By Dave Sewell
Downloading PDF. Please wait... Issue 2333

Greek workers strike against cuts, organise against fascists

This article is over 11 years, 3 months old
Winter is biting hard in austerity-hit Greece, but workers are still fighting back.
Issue 2333

Winter is biting hard in austerity-hit Greece, but workers are still fighting back.

“Fuel poverty is a real problem in the north,” reports Panos Garganas, editor of the Workers Solidarity newspaper.

“Schools are having to close, because the cuts mean they can’t afford to keep the heating going. And there was a terrible story last week when a small house in the city of Kavala was burned.

“The family was trying to keep warm with an old fashioned wood-fired stove, and it started a fire. Two of the children died. That gives an idea of what fuel poverty is like.”

The capital, Athens, has so far been spared the worst of the weather. But across Greece the fight is on against a new round of cuts agreed last month in exchange for money to bail out banks.

Local government workers led a strike on Wednesday of this week. It followed a four week campaign of strikes, demonstrations and workplace occupations against redundancies.

Now the unions are trying to shift the fight into the courts, after some local courts backed the strikers and ruled the job cuts illegal.

“The fightback in local government is coming to a pause,” said Panos, “but not before new sections of workers have taken up the fightback.

“The government promised the troika that it would collect a huge amount through privatisations, so now it is beginning its attack with a number of sell-offs.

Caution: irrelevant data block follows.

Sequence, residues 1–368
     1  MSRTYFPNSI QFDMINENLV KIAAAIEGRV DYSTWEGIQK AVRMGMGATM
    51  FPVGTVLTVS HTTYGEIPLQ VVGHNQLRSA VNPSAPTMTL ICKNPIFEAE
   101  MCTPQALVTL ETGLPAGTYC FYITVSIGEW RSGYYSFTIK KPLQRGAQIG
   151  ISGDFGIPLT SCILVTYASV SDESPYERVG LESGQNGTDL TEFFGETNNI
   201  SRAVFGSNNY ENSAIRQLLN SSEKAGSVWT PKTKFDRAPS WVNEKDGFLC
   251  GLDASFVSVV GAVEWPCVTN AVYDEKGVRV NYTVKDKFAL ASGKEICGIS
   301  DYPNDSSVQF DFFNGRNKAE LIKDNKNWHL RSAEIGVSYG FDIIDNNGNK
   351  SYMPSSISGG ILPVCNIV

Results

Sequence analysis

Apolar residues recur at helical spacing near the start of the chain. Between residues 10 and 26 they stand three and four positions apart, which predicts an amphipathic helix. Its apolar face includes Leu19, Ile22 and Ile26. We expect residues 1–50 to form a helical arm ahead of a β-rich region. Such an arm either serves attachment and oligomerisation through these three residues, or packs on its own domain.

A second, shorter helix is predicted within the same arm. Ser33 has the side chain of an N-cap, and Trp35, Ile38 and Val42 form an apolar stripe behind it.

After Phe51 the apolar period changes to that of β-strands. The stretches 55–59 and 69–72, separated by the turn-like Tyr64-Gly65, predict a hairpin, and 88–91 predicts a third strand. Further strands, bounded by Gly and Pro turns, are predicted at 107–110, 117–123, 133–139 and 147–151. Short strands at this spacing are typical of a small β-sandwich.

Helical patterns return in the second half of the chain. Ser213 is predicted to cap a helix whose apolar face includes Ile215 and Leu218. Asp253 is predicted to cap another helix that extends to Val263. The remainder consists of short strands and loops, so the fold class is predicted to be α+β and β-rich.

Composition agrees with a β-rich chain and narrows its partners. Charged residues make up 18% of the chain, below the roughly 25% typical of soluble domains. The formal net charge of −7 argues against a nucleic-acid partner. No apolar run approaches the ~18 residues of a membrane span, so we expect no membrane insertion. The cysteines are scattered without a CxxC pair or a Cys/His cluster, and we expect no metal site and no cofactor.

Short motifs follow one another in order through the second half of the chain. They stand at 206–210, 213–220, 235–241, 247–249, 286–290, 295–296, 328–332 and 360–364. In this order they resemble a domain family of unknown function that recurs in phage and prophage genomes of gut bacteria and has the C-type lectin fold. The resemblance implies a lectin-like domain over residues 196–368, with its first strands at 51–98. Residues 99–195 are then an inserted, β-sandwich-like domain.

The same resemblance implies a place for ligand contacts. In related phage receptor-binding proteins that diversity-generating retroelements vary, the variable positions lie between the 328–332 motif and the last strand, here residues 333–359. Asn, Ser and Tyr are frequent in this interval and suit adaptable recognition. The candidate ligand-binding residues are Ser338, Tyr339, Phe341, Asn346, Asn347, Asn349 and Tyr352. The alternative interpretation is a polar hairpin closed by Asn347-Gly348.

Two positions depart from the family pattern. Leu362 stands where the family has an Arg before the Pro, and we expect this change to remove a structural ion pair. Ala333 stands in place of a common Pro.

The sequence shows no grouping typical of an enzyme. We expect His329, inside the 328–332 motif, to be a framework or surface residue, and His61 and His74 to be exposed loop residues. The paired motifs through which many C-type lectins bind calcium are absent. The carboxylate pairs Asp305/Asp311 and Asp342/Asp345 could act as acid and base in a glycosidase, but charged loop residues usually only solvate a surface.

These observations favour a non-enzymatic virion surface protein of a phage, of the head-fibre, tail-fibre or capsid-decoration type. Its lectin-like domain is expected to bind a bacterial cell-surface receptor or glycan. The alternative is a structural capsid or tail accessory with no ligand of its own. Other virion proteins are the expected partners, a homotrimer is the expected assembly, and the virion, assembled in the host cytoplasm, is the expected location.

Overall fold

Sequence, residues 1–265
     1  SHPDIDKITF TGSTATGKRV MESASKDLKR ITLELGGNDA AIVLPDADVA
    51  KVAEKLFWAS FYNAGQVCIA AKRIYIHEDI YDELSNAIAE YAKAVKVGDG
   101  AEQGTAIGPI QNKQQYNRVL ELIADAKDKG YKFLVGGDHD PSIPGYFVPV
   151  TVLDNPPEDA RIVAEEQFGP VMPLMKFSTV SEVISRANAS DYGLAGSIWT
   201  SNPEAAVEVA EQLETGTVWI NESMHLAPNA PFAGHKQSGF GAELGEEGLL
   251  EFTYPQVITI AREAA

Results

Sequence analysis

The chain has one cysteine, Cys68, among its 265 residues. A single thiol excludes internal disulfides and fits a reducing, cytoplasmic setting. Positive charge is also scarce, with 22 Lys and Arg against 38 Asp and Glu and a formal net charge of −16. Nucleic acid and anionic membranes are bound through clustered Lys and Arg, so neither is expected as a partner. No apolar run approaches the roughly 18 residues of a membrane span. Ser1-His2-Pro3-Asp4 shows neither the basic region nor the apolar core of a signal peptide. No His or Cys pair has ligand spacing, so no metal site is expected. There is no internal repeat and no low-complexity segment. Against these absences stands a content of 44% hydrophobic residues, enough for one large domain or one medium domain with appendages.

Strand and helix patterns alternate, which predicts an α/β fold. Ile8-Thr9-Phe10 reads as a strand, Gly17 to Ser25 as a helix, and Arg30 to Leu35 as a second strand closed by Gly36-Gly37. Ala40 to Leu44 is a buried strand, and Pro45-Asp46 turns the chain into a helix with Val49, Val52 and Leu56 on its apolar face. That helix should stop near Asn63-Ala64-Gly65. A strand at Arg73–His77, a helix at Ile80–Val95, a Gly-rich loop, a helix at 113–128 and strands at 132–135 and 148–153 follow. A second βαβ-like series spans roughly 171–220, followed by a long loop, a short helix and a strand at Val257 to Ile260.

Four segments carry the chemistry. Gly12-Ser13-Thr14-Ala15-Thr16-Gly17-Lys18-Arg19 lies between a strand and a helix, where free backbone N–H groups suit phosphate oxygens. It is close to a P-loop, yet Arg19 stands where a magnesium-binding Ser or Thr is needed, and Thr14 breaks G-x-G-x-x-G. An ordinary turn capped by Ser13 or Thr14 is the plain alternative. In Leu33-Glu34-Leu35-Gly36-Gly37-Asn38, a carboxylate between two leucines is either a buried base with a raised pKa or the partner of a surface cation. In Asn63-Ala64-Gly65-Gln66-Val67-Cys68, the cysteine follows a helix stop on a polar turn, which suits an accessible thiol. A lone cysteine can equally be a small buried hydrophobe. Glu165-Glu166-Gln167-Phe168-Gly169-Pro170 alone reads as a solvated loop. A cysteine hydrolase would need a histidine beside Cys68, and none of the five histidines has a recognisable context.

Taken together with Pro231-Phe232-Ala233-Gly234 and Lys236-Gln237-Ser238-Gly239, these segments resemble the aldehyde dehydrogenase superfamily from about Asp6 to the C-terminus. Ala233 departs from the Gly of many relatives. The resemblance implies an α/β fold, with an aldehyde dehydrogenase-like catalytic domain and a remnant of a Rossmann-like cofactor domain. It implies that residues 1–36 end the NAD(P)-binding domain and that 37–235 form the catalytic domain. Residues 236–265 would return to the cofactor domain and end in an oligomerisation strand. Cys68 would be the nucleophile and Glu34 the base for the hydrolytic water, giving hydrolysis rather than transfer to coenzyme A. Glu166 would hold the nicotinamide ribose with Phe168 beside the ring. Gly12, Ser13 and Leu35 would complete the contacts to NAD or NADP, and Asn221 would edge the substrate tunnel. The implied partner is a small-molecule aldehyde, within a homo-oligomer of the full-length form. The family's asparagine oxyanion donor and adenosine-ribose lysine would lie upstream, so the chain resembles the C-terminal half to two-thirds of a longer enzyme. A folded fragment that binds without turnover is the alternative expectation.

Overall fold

“The first reactions came from railway workers, who struck this week. There was also a 24 hour strike by workers at the postal bank. And the Athens metro workers are striking against further wage cuts.”

Meanwhile momentum is growing in the fight against the fascist Golden Dawn. Athens city council has voted to back a massive anti-fascist demonstration on 19 January.

“Only the right wing New Democracy party didn’t vote to back it,” said Panos. “The whole of the left was united—even the Pasok and Dimar parties that are in the coalition government.”

Two new developments have hardened left unity against the fascists. Last week a “silent demonstration” under the Acropolis, backed by leading international anti-racist figures, put more pressure on the governing parties.

And on Saturday of last week an MP from the radical left coalition Syriza was attacked by three men claiming to be Golden Dawn members. “It was an escalation of fascist provocations—and it was taken up like that by everybody,” said Panos.

Anti-fascists in Greece have called for international solidarity demonstrations on the day. Unite Against Fascism is organising a protest at the Greek embassy in London.

“There have been a series of important mobilisations to stop fascist attacks, and to stop the Nazis translating the votes they got into fascist squads,” said Panos. “So 19 January is an important step and we want to see a show of solidarity with anti-fascists in Greece.

“But the rise of the far right isn’t just happening in Greece. It’s happening in France, Hungary and across Europe. So 19 January will be an opportunity to coordinate our anti-fascism.”

To support the day of action on 19 January go to

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